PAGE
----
America is failing Black birthing people. And so, when we talk about Reproductive Justice we need to include not just the right to bodily autonomy, but also the systems needed so that this person's health is centered throughout their birthing journey. Joined by Stephaine Courtney M.Ed (she/her), the Executive Director of The Learning Project Network (https://www.tlptraining.com/), Nick and Mike discuss what culturally sustaining mental, family, and reproductive support looks like, the role Early Childhood Education can play in Postpartum depression, and what does intergenerational healing look like for birthing folxs.
About the co-host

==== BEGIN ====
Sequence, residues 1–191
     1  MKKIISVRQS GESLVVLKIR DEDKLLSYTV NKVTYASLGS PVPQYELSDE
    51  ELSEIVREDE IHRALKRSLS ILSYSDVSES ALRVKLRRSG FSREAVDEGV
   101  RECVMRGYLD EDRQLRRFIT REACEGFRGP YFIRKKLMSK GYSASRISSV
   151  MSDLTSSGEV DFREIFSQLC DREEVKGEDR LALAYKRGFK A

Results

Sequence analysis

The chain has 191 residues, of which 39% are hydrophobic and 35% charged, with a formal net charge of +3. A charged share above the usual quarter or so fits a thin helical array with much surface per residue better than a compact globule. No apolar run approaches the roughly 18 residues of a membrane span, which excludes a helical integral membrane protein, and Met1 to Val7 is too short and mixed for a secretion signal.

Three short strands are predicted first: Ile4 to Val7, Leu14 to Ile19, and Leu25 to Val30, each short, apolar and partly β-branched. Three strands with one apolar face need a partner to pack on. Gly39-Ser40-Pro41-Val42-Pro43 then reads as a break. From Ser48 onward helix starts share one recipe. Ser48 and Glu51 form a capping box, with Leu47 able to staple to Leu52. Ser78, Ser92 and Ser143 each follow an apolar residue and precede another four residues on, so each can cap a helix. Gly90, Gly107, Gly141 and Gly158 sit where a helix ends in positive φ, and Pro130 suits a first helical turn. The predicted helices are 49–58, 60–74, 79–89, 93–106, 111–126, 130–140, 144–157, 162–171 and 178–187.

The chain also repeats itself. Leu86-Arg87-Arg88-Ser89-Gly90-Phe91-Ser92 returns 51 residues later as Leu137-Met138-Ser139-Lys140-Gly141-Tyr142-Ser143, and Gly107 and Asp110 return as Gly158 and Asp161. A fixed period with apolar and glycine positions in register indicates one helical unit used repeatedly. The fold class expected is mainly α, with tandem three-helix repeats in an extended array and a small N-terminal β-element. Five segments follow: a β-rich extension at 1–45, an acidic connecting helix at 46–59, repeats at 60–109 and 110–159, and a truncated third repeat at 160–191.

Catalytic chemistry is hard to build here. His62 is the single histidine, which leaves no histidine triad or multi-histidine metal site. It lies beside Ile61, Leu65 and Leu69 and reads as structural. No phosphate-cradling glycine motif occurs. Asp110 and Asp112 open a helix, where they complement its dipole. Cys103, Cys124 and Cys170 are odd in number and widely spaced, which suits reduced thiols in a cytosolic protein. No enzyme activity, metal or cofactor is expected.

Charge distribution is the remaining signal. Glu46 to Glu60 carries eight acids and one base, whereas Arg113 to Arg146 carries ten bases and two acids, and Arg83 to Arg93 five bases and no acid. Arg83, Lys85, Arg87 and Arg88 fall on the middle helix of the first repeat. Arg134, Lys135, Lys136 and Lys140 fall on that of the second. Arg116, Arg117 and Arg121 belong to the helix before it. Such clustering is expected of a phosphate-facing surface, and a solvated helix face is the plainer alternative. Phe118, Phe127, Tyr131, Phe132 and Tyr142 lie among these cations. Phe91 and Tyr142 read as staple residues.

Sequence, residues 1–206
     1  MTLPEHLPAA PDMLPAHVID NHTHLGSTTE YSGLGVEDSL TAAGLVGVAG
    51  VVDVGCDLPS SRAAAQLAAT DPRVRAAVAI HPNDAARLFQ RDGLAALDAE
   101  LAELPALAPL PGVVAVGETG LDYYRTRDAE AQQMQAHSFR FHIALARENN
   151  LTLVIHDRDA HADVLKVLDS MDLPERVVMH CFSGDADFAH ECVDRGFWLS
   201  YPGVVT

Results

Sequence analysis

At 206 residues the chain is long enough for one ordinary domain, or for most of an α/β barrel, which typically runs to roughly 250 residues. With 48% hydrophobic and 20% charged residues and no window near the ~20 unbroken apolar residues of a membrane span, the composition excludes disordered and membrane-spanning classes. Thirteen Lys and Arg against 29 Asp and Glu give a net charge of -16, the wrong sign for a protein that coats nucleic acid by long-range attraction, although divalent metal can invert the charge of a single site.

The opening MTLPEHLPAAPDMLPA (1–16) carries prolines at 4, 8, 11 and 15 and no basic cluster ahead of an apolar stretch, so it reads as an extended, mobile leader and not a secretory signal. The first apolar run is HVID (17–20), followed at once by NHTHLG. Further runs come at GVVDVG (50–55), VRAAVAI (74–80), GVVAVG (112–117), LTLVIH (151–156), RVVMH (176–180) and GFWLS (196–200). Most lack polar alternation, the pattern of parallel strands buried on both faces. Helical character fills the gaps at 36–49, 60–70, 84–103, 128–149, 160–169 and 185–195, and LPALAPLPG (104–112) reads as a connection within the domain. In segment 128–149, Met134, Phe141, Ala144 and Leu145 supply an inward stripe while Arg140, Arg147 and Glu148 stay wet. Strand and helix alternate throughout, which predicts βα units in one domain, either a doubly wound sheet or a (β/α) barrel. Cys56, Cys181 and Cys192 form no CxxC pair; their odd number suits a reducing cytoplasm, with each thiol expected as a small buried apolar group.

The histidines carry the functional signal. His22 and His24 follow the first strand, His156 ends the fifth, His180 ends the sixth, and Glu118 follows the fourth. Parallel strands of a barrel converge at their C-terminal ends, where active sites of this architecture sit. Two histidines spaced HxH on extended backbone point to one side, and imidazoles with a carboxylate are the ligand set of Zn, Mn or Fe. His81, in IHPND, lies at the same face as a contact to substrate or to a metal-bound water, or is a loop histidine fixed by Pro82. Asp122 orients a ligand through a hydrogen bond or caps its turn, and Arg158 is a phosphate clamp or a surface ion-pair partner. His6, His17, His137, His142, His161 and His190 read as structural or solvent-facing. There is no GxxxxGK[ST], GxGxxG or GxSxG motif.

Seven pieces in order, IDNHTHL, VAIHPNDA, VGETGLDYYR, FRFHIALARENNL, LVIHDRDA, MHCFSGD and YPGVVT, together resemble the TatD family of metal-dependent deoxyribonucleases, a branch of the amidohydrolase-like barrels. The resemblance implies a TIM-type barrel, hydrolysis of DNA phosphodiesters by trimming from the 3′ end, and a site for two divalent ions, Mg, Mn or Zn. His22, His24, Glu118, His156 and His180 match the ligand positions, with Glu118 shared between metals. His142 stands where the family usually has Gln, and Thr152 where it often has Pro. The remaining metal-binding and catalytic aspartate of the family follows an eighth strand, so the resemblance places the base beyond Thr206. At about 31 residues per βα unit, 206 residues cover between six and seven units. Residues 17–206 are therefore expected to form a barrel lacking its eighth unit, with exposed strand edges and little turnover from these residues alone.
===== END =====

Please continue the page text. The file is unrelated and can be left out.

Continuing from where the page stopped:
Since meeting over 5 years ago at Hilltop Children's Center and Educator Institute in Seattle, WA (Coast Salish Territory), Nick Terrones (he/him) and Mike Browne (he/him) have been working towards a critical reimagination of ECE spaces for BIPOC educators and youth. In 2020, they teamed up to deliver a podcast titled Napcast, where they explore the intersection of early childhood education with race, identity, and culture. Now in new roles, Nick as the Program Director of Daybreak Star Preschool at United Indians of All Tribes, and Mike, Sr. Director of Community Engagement at Cultivate Learning, they combine their experience from their time in the classroom with their insights as ECE leaders in order to challenge your perspective on the ways we teach, play, and love society's youngest citizens.--- Support this podcast: https://podcasters.spotify.com/pod/show/napcast206/support